"Clearly, the sole reason for B&W's interest in the black and Hispanic communities is the actual and potential sales of B&W products within these communities and the profitability of those sales...."
Poorer people also smoke more. When marketing cigarettes to the developing world, tobacco companies associate their product with an affluent Western lifestyle. However, in the developed world, smoking has almost vanished among the affluent. Smoking rates among the American poor are much higher than among the rich, with rates of over 40% for those with a high school equivalency diploma. These differences have been attributed to both lack of healthcare and to selective marketing to socio-economic, racial, and sexual minorities. The tobacco industry targeted young rural men by creating advertisements with images of cowboys, hunters, and race car drivers. Teens in rural areas are less likely to be exposed to anti-tobacco messages in the media. Low-income and predominantly minority neighborhoods often have more tobacco retailers and more tobacco advertising than other neighborhoods.
The tobacco industry focusses marketing towards vulnerable groups, contributing to the large disparity in smoking and health problems. The tobacco industry has marketed heavily to African Americans, sexual minorities, and even the homeless and the mentally ill. In 1995, Project SCUM, which targeted sexual and racial minorities and homeless people in San Francisco, was planned by R. J. Reynolds Tobacco Company (a British American Tobacco subsidiary).
Tobacco companies have often been progressive in their hiring policies, employing women and blacks when this was controversial. They also donate some of their profits to a variety of organisations that help people in need.
Non-addictiveness and healthiness
Reference to the addictiveness of nicotine is avoided in marketing.: 150 Indeed, the addictiveness of nicotine was explicitly denied into the nineties; in 1994, seven tobacco executives stated that nicotine was not addictive while on oath before the US Congress. Industry feared that, if continuing to smoke was not seen as a "free choice", they would be exposed to legal and social liabilities.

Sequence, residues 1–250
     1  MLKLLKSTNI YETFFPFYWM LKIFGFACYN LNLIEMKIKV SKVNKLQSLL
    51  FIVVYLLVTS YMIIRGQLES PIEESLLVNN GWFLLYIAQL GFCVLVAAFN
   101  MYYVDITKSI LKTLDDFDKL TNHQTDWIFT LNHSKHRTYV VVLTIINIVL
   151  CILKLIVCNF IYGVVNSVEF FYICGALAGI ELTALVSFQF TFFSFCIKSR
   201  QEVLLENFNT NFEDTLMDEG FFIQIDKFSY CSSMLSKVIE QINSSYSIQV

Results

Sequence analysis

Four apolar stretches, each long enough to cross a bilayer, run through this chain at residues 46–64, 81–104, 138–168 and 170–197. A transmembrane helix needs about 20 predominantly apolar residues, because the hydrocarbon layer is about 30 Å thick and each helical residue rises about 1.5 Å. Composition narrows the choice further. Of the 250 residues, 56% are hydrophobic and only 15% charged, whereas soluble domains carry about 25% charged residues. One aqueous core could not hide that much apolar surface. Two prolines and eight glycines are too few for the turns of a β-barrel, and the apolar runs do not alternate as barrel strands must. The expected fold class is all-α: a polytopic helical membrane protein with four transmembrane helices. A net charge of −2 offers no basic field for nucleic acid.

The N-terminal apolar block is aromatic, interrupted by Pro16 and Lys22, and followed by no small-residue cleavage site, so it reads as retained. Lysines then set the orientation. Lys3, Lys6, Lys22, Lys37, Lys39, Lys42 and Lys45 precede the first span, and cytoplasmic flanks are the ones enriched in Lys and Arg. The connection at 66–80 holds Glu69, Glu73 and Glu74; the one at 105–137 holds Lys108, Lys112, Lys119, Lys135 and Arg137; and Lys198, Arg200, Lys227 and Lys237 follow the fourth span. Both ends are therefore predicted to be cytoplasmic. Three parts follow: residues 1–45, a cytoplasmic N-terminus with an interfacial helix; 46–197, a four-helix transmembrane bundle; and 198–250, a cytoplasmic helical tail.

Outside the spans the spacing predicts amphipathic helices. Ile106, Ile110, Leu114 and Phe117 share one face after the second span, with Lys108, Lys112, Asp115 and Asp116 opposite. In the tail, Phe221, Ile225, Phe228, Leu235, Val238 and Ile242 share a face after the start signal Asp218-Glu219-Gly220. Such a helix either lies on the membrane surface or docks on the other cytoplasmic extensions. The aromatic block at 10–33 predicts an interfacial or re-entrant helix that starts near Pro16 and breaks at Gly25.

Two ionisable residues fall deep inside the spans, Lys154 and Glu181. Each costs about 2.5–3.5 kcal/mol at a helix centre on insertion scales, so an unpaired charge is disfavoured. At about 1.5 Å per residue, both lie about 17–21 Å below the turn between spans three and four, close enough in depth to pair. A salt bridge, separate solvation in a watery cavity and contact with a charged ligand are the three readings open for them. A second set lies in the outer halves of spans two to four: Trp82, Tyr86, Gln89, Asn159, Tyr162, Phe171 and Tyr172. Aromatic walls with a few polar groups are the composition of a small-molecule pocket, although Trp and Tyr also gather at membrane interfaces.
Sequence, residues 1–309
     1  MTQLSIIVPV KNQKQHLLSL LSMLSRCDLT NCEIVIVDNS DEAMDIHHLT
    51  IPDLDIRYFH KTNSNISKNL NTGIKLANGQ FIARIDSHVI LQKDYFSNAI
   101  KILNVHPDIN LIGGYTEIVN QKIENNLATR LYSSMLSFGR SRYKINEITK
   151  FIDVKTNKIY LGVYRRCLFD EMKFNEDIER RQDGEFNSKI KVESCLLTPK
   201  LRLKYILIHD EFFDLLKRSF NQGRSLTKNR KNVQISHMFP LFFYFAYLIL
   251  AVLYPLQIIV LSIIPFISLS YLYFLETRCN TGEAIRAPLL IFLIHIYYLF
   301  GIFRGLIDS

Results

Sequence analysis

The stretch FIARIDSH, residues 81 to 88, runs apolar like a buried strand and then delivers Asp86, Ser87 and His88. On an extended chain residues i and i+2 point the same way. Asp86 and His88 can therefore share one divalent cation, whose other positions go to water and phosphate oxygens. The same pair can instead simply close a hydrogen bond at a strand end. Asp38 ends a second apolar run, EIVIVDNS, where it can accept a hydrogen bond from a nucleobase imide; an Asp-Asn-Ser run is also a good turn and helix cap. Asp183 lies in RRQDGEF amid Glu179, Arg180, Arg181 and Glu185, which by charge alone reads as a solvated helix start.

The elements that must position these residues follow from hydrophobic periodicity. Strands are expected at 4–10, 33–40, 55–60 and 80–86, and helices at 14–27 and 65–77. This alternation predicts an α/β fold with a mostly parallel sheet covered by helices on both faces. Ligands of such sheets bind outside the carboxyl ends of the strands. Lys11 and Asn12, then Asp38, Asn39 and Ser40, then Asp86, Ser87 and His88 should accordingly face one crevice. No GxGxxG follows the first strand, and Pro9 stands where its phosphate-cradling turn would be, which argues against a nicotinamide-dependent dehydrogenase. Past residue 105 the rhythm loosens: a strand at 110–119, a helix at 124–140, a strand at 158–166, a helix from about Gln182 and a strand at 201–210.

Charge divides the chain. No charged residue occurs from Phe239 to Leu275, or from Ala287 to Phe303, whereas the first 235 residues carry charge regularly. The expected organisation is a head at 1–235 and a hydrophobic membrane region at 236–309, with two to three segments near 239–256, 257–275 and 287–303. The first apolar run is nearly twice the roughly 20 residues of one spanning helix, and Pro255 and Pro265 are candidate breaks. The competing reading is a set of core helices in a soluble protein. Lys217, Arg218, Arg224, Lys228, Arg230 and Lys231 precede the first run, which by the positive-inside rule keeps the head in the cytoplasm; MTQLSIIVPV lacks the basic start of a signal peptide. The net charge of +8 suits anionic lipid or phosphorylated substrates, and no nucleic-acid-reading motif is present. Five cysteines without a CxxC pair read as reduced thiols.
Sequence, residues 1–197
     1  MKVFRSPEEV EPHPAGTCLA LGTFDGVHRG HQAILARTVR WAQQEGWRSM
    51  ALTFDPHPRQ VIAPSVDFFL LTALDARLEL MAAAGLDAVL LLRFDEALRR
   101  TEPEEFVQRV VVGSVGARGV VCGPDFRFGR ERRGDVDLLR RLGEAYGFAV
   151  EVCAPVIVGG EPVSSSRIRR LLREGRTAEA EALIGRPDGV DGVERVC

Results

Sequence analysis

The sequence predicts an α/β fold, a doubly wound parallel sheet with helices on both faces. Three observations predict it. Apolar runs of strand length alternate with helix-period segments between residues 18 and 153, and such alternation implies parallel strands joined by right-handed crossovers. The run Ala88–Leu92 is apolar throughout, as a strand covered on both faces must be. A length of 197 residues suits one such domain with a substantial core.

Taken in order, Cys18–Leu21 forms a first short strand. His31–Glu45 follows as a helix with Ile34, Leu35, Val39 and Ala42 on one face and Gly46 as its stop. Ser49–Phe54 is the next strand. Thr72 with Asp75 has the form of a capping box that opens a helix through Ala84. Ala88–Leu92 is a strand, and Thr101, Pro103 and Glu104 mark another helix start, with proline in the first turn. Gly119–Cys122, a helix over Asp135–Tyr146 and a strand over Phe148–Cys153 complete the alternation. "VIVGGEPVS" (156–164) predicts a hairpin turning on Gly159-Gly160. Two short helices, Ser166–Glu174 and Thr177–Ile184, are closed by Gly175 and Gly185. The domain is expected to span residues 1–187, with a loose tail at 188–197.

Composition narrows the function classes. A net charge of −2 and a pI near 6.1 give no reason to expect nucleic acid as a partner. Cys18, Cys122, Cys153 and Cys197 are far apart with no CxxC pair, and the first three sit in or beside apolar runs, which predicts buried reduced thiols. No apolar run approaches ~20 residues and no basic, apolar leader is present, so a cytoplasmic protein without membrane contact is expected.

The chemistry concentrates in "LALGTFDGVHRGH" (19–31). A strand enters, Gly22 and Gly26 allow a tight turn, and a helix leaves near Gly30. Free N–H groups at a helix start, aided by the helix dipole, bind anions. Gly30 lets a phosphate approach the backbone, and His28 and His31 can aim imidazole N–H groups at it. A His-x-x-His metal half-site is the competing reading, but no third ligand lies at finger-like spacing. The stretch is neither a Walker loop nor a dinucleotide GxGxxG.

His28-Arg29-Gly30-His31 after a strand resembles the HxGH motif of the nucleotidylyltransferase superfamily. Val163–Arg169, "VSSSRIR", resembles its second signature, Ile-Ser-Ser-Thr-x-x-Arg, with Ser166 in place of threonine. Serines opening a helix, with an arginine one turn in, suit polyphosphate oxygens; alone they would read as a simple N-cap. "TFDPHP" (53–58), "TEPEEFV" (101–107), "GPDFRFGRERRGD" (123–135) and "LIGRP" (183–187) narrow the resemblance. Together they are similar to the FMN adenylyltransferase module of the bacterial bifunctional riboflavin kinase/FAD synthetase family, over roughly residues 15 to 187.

The nicotine industry frequently markets its products as healthy, safe, and harmless; it has even marketed them as beneficial to health. These marketing messages were initially explicit, but over the decades, they became more implicit and indirect. Explicitly claiming something that the consumer knows to be untrue tend to make them distrust and reject the message, so the effectiveness of explicit claims dropped as evidence of the harms of cigarettes became more widely known. Explicit claims also have the disadvantage that they remind smokers of the health harms of the product.: 63
Implicit claims include slogans with connotations of health and vitality, such as "Alive with pleasure", and imagery (of instance, images of athletic, healthy people, the presence of healthy children, healthy natural environments, and medical settings).: 62–65 
"Modified risk" products
"Modified risk" nicotine products, alternate nicotine products that are implied to be less harmful, are an old strategy. These products are used to discourage quitting, by offering unwilling smokers an alternative to quitting, and implying that using the alternate product will reduce the hazards of smoking.: 62–65  "Modified risk" products also attract new smokers.
Many "modified risk" nicotine products are actually just as risky as the products they were marketed against.: 25–27  As the long-term harms of cigarette smoking emerge after ~20 years of use, claims of reduced long-term harms for a new product cannot immediately be refuted. Products may become popular on the basis of false health claims before the research is done that proves them false.